Friday as the boys are in the locker room preparing for soccer practice, Tom notices Craig is now alone. Without Craig's friends around Tom feel more powerful leading Tom to accidentally push Craig into a locker. Tom then takes Craig's soccer shorts and puts them in the toilet.
Tom adds some fuel to the fire by testing the other players on the team telling them Craig has wet his pants and requests they pass the message on to everyone they know. When Craig arrives for practise everyone is laughing at him, and making comments. Craig now feels more vulnerable because he is the smallest boy on the team. So, this teasing, taunting and belittling has a profound effect on him today.
When Craig finally gets up enough courage to tell someone what is happening to him the coach he speaks to brushes off Craig's concerns with a comment about "boys being boys". Craig has been bullied twice in this scenario. Were these incidents all part of the jockeying for position in a social group?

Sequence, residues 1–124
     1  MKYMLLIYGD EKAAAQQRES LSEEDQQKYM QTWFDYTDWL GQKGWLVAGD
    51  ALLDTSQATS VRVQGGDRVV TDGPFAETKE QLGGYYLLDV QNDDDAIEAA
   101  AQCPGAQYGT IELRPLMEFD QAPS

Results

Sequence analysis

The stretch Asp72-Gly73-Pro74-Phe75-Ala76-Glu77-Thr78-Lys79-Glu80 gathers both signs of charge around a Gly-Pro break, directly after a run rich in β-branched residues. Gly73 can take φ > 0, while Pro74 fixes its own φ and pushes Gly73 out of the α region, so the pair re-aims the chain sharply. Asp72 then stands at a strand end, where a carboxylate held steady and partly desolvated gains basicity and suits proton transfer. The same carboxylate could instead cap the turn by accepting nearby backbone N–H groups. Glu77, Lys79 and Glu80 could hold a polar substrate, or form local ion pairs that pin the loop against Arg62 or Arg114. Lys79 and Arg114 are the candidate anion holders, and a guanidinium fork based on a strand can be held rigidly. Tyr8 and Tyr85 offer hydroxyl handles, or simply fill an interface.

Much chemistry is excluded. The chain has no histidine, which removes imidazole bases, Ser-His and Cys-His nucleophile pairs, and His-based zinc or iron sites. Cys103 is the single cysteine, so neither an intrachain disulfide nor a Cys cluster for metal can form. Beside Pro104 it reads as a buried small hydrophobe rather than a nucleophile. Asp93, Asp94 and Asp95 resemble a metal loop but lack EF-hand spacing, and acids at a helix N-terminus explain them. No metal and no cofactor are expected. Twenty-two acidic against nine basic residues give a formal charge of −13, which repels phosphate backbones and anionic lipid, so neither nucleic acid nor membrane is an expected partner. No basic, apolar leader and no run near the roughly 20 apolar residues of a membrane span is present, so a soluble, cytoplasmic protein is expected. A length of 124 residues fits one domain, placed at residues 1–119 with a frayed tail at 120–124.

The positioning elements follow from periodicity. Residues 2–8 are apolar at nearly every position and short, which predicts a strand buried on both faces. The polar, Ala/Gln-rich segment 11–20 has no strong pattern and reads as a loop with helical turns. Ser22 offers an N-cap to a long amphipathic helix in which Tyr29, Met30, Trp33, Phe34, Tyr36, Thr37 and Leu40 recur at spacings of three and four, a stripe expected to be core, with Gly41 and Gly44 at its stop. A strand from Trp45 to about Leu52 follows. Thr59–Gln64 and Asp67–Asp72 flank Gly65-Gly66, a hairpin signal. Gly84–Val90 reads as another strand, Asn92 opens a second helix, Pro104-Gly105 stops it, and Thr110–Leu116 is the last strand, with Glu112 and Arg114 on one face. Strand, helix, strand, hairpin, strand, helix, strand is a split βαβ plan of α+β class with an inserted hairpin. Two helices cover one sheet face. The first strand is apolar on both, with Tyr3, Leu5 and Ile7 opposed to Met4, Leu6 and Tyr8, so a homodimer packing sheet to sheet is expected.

Bullying is a catch-all phase which encompasses taunting, teasing, jeering, threatening, kicking, shoving, and physically assaulting others.
Indirect bullying, or more commonly "bystander bullying" is when one child or a group of children intentionally ignore a bullying incident, exclude, or shun another child or group of children without ever having a physical altercation.
This type of bullying often has the same devastating effect as a physical assault. As you can see, bullying is a problem affecting families and individuals all over the world. Thanks for joining our community of caring parents, family members,coaches, teachers and mentors who want to help raise a generation of responsible adults who respect others.
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Judy H. Wright http://www.ArtichokePress.com You have permission to reprint this article in your blog, ezine or offline magazine as long as you keep the content and contact information intact. Thank You.